WordPress, StudioPress, Thesis. FTW.

TS-thumbnailWe completed a make-over of one of Learfield’s websites yesterday. Like most companies, we’re watching our expenses, so I was pleased to bring it in for the $59 I paid for the theme (not counting my time and some IT help with site prep).

Since the beginning of the year, we’ve converted a dozen websites to WordPress and the process has gone very smoothly. With 50 users working in half a dozen offices, we needed a very friendly content management system and WordPress has delivered. Both for the people working in our newsrooms and for me.

There are literally thousands of plug-ins for every conceivable task. And they’re all free (or donor supported).

I’m not a designer but the variety of affordable WordPress themes is staggering. After a good bit of looking, I found myself coming back again and again to two providers:

StudioPress has great-looking themes that cost about $60 each. Use as-is or have one customized for a couple of hundred bucks.

Thesis is the theme I chose for our news networks. Out of the box, it’s a clean, minimalist design. We can add a coat of Candy Apple Glitter Flake paint later, but for now, I wanted something that was easy to manage under the hood.


Both of these developers have great support forums and documentation.

I’ve spent less than $2,000 on the refresh of ALL of our websites. Aside from some great help by our IT folks, and the day-to-day content posting by our news and sports staff, I support all of these by myself.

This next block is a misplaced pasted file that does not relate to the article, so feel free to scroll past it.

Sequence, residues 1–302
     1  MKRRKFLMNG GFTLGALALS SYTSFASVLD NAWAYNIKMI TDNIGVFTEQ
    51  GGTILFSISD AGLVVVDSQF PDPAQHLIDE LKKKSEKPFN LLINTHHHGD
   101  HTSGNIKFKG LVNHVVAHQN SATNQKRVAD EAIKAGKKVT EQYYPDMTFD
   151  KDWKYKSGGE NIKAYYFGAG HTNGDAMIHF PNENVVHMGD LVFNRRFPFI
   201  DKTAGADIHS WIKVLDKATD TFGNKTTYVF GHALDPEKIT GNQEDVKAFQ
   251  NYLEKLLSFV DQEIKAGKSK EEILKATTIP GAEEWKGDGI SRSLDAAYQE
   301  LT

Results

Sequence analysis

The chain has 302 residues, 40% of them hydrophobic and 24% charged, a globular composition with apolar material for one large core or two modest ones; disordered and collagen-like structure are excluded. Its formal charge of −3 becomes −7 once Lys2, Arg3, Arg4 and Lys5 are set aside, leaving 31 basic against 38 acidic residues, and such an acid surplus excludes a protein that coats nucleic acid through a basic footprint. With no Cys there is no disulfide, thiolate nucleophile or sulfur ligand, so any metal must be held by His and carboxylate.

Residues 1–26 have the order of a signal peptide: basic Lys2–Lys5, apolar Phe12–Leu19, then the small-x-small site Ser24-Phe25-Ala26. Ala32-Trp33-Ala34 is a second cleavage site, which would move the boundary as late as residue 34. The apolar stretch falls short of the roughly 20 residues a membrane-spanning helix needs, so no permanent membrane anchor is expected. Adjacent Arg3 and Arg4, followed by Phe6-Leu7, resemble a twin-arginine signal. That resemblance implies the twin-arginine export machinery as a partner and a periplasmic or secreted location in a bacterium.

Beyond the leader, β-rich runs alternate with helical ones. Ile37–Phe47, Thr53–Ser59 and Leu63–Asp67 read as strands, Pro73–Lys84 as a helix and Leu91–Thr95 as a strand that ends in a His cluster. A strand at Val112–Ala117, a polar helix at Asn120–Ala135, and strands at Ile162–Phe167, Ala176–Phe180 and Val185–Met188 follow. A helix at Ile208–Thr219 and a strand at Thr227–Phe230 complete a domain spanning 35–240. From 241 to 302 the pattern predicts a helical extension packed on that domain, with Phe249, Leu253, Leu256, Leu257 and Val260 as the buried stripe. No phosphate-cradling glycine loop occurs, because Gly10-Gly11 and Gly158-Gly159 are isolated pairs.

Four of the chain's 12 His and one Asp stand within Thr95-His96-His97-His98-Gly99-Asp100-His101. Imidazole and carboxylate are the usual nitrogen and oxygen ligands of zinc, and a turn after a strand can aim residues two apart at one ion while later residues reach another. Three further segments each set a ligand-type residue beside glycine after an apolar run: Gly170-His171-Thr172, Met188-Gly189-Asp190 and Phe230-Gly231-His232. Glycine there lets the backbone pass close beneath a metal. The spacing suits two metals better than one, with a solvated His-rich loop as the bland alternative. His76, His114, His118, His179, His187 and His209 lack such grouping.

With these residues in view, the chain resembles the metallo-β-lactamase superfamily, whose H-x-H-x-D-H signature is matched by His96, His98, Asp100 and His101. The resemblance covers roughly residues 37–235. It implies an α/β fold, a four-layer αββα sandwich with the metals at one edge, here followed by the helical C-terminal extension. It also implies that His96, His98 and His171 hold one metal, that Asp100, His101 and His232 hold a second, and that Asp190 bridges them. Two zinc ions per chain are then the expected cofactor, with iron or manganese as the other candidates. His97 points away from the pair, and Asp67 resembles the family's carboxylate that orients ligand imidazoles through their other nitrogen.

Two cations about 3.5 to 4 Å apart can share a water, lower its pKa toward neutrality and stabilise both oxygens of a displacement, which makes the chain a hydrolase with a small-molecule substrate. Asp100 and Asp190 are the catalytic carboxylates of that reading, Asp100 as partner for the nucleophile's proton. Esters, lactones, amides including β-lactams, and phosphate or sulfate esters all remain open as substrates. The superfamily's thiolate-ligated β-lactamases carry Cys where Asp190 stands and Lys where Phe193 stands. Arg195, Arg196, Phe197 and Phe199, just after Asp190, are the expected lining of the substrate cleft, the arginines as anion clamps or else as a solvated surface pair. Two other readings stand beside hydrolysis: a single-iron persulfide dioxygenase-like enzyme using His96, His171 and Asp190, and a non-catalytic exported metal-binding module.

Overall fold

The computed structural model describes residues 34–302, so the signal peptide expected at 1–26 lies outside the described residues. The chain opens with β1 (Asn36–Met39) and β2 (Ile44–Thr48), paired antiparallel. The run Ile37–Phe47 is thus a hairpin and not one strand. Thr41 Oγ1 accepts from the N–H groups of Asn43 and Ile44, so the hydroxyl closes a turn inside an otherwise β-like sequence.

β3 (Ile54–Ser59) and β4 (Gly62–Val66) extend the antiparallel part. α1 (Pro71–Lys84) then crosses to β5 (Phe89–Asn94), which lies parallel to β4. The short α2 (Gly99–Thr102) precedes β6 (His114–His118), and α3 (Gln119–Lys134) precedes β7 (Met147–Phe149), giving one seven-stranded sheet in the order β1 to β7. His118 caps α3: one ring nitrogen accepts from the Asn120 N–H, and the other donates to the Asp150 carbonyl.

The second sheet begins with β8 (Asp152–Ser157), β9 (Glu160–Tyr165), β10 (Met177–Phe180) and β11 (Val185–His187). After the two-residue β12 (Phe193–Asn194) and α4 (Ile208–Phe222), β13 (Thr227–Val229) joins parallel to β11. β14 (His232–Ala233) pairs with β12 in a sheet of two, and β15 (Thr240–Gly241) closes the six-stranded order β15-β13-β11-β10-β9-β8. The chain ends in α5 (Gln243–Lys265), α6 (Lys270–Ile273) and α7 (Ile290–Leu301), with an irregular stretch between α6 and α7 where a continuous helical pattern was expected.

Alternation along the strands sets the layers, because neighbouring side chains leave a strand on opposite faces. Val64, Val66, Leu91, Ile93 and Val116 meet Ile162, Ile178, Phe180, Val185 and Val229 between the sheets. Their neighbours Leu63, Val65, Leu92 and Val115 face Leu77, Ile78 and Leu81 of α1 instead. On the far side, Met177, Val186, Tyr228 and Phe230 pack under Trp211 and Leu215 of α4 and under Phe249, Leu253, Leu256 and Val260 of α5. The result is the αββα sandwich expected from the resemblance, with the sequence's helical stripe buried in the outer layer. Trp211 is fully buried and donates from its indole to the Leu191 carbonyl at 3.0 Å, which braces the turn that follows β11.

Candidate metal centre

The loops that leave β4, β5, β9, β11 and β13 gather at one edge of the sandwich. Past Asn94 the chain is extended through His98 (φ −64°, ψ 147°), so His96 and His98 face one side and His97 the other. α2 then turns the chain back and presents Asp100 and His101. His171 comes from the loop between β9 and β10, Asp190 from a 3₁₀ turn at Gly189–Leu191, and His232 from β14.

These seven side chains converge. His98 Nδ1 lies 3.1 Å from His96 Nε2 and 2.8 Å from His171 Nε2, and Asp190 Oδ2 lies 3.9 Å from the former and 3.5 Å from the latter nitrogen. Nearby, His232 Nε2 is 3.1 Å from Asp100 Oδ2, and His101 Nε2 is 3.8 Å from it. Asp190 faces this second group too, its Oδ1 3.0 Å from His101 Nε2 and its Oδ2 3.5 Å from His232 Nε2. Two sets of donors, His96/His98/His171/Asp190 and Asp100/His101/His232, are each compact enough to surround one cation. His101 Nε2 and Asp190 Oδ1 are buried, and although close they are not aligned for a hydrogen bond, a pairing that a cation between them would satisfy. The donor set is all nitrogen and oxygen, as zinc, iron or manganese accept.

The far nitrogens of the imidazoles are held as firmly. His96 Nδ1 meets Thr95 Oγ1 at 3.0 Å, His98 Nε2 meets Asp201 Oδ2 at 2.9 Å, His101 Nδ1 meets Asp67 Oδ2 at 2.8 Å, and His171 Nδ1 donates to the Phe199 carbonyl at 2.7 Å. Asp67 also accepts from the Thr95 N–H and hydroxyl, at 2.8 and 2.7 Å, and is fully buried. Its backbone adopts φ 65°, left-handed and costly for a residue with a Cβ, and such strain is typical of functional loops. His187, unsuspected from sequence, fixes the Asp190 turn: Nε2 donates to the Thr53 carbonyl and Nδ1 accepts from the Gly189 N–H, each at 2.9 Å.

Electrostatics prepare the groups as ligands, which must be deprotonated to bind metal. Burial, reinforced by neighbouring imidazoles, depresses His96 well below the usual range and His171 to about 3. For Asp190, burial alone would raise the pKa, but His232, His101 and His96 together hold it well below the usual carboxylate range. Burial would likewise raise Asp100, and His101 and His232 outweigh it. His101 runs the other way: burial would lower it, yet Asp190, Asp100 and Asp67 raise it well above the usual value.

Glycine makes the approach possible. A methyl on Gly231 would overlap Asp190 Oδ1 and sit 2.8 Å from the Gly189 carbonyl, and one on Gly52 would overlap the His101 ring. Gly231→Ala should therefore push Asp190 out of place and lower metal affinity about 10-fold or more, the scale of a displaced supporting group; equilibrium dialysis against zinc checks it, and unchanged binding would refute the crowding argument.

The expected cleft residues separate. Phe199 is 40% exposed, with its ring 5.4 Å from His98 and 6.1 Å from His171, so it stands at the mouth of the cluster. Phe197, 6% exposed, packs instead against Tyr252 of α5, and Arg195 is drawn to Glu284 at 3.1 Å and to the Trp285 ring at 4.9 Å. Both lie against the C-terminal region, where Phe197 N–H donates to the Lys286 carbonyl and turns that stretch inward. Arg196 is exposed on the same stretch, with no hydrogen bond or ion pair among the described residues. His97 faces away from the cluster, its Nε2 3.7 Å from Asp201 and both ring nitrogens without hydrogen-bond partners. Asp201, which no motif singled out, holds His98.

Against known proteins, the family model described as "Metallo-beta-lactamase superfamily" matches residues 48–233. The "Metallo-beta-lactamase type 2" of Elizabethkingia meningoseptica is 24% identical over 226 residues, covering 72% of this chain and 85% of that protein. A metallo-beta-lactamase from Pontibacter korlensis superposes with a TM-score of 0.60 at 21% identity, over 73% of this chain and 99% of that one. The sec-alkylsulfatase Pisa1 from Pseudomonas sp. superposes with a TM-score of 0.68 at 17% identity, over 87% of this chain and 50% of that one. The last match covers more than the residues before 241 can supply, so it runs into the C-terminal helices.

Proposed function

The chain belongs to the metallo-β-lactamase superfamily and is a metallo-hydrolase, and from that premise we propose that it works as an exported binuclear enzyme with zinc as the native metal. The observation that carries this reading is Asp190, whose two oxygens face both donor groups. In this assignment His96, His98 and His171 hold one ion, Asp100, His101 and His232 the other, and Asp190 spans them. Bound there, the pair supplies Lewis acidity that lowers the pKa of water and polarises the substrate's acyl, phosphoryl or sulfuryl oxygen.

If quick turn-around is a requirement, StudioPress/Thesis + WordPress is a winning combination. If the content has been assembled, I can get a site up and running in a matter of a few hours.

Fast, inexpensive and fun. For the win.

One thought on “WordPress, StudioPress, Thesis. FTW.

  1. I just did a website redesign as well… I moved my old WordPress installation to the newest version and set it up as a photoblog using the Yet Another Photo Blog plugin and a theme I customized myself. I added an animated flash slideshow, then put a second WordPress installation up to host the blog section and all my old posts. The new page just looks like a standard photographer/artist’s site with an about section and contact info, and the blog holds my random rants and photo-related discoveries. All of it was free! If only I could get them to let me setup a WordPress site here at work to host videos instead of sending 150+ DVDs every time there is something new everyone has to watch.

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